I know I’m not unique in having had students, friends, and family ask questions about the Occupy movement over the past few months. And by far the most common question I get is, “what do they want/why are they angry?” And the answer, as it is so often, is a complex one. But new economic data is starting to fill in this picture of ‘why’ and ‘what’ by showing, as Michael Mandel does, that many of the participants of the Occupy protests, young adults who are either still in school or recently graduated, are driven by the simple fact that their prospects are dwindling.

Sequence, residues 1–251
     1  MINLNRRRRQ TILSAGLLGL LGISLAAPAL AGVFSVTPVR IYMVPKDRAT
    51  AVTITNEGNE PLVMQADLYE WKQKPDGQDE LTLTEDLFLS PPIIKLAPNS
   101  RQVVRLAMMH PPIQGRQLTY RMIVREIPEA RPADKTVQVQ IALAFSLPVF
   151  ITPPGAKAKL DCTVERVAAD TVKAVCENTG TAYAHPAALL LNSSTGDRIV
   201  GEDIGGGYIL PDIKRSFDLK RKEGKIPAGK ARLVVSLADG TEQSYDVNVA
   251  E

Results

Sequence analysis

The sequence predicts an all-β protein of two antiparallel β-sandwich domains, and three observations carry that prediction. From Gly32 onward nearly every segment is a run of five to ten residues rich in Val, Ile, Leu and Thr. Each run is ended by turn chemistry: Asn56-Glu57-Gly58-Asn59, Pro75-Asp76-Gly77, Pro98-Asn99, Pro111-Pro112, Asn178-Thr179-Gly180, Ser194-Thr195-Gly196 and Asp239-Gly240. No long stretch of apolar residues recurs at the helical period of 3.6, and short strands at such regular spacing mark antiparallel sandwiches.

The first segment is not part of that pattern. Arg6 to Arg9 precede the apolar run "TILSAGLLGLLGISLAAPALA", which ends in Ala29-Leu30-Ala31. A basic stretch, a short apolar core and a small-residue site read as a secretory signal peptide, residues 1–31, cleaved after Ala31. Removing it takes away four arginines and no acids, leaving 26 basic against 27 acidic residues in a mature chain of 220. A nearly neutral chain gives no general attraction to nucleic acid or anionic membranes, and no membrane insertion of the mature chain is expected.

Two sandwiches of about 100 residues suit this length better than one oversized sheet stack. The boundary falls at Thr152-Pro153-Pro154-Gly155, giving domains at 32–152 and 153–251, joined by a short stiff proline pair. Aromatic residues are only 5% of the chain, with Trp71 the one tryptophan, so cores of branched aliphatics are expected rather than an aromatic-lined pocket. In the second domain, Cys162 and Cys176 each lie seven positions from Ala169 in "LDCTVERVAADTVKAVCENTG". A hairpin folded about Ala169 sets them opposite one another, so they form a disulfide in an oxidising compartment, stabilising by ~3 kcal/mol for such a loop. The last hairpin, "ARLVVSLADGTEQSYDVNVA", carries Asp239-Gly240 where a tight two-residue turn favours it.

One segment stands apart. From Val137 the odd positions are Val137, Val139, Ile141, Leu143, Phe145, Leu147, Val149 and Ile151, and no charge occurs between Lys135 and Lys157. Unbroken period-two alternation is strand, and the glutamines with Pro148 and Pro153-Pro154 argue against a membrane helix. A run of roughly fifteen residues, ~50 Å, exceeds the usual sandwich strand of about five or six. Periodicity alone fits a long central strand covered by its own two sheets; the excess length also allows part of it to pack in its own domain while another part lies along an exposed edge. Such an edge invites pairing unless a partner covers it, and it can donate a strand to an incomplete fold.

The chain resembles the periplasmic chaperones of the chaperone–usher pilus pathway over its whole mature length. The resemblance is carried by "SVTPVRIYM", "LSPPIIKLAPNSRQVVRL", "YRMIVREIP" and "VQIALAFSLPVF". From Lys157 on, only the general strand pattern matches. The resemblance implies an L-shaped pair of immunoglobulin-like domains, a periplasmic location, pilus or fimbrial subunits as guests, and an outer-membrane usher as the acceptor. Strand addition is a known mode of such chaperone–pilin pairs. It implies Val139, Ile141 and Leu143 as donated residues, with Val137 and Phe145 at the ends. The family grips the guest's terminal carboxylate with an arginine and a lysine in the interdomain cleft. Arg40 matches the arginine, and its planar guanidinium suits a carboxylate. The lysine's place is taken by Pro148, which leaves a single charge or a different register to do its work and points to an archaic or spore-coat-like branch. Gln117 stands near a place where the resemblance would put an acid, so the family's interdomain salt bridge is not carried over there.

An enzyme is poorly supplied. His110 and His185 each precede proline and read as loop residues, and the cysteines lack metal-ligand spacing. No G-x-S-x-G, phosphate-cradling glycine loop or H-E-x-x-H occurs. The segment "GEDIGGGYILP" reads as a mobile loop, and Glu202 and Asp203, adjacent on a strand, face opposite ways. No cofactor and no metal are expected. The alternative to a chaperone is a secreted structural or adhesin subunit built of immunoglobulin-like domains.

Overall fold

Their belief that a college education was the gateway to a well-paying job and financial stability has been replaced by decreasing wages and increasing debt burdens. We know, via information collected by observers and participants, like Professor Cordero-Guzman at CUNY Baruch and pollster Douglas Schoen, that this is a well-educated group, yet also a group that sees itself as underemployed, and, according to the census information presented above, making substantially less than their peers ten years prior. All of which makes for a strong basis for collective grievances and incentive to mobilize.